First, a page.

Millennial Review: Sridevi at Her Absolute Best in ‘Sadma’
Was this Sridevi’s best?
(Nandakumar is 21 years old and watched ‘Sadma’ for the first time in 2019)
Sridevi’s performance as the child-woman Reshmi in Sadma, is considered to be one of her finest, and as I finished the film I would second that. My introduction to Sridevi though happened quite late with 2012’s English Vinglish, as the housewife struggling with her lack of knowledge of English. I remember being sucked into her performance and wanted to look at her other work, but more on that later.
In Sadma which is a remake of the Tamil film Moondram Pirai, Sridevi plays a woman suffering from retrograde amnesia as a result of an accident and displays child-like behaviour. Her lack of awareness leads her to a brothel. from where she is rescued by Somu a kind hearted teacher played by Kamal Haasan.
The highlight of the Balu Mahendra directorial for me was the tender relationship between Haasan and Sridevi. Haasan played a man that was sensitive, emotional and caring. At a time in the 80’s (and even now to a large extent), when most movies were cluttered with these macho men beating up a hundred guys, here is a character who is endearing-and without trying to hard at that.
Both characters have some adorable moments, like the one where Reshmi asks Somu, what a camel is. He tries to explain it to her, but fails as he realises that she's merely imitating what he said. Or that scene, where Reshmi spots an ice-cream vendor and grabs two cones, Sonu just looks at her endearingly ignoring her callousness.
The director’s triumph lies in the fact that he makes us care for these characters.
Of course now in retrospect, there are some things that seem cringe-worthy and in certain portions comical- particularly Somu’s track with Silk Smitha. She played the wife of Somu’s headmaster, and almost every line she uttered was in a seductive tone(replete with the oohs and the aahs), but I’m not surprised they kept that considering the rage she was at that time. She says in one scene, “There’s a fire in me, itni garmi mein thand kahan.” Also funnily, there’s always this English song that plays when Silk Smitha appears, probably to associate her with the stereotype of an ‘openly sexual’ Western culture?
What’s good though, are the dialogues. One of the main reasons I find it hard to connect with old Hindi movies is because of the exaggerated dialogue delivery and the over dramatisation .(All the ‘mujhe bachaooo’, and ‘mere paas maa hai’ variety) But the interactions between Somu and Reshmi seem real and relatable.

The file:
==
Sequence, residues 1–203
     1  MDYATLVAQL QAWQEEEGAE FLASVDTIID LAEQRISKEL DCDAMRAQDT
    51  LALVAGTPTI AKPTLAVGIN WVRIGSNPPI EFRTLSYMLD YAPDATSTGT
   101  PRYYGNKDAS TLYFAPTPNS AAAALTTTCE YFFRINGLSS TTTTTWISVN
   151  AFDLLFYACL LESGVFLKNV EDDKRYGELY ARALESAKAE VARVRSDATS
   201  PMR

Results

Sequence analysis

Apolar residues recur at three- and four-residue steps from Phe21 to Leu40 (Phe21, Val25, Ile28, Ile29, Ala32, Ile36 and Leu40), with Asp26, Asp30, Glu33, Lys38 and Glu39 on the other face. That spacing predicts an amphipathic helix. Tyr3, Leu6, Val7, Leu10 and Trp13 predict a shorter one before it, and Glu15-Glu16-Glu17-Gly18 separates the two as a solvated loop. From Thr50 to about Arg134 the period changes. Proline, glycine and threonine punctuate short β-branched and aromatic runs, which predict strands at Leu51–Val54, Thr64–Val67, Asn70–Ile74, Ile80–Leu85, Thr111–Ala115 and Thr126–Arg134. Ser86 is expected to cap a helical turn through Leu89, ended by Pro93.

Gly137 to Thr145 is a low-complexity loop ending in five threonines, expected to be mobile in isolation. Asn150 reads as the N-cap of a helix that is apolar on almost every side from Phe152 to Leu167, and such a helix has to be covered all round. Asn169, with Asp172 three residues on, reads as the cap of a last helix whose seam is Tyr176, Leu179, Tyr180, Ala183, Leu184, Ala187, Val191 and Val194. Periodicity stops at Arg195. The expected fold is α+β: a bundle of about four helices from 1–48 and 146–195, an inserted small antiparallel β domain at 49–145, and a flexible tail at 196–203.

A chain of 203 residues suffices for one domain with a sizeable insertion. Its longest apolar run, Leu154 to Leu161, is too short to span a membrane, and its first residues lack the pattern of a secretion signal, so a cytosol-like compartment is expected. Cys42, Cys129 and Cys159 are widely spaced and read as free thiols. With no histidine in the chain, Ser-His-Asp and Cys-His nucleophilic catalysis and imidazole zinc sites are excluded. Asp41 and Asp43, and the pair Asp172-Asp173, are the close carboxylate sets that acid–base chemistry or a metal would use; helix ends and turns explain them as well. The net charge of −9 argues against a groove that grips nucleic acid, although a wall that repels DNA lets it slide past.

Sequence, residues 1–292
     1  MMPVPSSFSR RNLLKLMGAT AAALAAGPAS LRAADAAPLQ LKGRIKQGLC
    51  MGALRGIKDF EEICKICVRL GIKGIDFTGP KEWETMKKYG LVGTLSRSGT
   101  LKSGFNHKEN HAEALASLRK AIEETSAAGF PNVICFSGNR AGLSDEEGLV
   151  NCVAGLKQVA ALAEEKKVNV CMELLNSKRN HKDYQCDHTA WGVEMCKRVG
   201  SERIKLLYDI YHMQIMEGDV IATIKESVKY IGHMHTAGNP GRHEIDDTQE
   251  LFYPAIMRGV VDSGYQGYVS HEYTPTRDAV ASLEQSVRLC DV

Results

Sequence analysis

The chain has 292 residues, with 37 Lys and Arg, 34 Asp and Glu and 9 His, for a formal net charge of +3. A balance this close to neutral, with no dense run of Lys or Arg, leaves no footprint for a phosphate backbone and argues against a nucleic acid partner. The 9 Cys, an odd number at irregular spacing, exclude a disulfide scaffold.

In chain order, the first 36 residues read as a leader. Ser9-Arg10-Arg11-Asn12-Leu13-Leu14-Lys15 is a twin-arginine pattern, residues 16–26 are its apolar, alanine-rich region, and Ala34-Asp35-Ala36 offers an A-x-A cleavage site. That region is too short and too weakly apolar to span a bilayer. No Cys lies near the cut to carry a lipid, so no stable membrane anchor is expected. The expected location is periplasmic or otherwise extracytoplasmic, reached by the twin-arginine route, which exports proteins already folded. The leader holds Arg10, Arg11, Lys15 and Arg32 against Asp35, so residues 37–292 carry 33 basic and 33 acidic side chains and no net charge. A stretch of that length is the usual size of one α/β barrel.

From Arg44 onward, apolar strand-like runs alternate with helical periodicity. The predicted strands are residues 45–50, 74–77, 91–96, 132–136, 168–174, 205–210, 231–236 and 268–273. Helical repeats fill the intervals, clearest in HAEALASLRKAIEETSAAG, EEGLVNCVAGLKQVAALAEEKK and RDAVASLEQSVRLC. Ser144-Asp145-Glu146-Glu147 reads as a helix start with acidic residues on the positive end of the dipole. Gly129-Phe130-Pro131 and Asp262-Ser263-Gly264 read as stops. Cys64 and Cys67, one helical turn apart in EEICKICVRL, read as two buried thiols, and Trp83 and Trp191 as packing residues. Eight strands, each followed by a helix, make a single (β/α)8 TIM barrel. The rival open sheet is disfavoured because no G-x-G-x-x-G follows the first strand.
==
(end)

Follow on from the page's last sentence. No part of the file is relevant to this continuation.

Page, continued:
So is the music, and for a change is very well integrated to the story. I didn’t feel like forwarding the songs, because I realised they were taking the story ahead. Whether it’s the hummable “Ae Zindagi Gale Laga Le” or “Ek Dafa Ek Jungle Tha”, the soundtrack continues to live on.
But Sadma soars because of it’s leads. Kamal Haasan has such expressive eyes, that I couldn’t help but invest in him. He moves so effortlessly from caring to comic to serious. One moment he’s teaching Reshmi how to drape a saree, another he’s playing a monkey to entertain her and in another scene enraged by her childishness. But through it all his affection, and unflinching love for her comes across.The climax for me was the most heart-breaking (Spoiler Alert), when Reshmi is finally cured but fails to recognize Somu as she loses her immediate memories. Somu chases the train on which Reshmi leaves, trying every way to remind her but he is now alien to her.
Haasan’s calm demeanour was the perfect foil to Sridevi’s playfulness, which brings me to her performance. She plays the childlike Reshmi to perfection, getting even the smallest details right. Kids are clumsy and unaware, and you see that in Reshmi.
From licking the dripping ice cream on her hands, to wiping her nose on her skirt or that scene where sits down without adjusting her skirt, only to be then helped by Somu-you believe she is a child.
Her wide-eyed Reshmi is seldom annoying primarily because no one expresses pain like Sridevi. Each time she fumbled, or cried I wished I could help her.
Going back to what I had said earlier, I had barely watched Sridevi’s films until I saw English Vinglish. She had left the movies, even before I was born. I had seen Mr India as a child, but wasn’t aware enough for her performance to really register. I went back and watched Lamhe, Chaalbaaz and Chandni, and realised that there’s no one quite like her. Her impeccable comic timing aided by her chameleon like quality won me over. Sridevi’s untimely death came as a shock to most people, and the fact remains that she was an enigma. She barely spoke to the media and was very shy, but who cares when for those two hours that you watch her movie you’re swept away by the magic of Sridevi.
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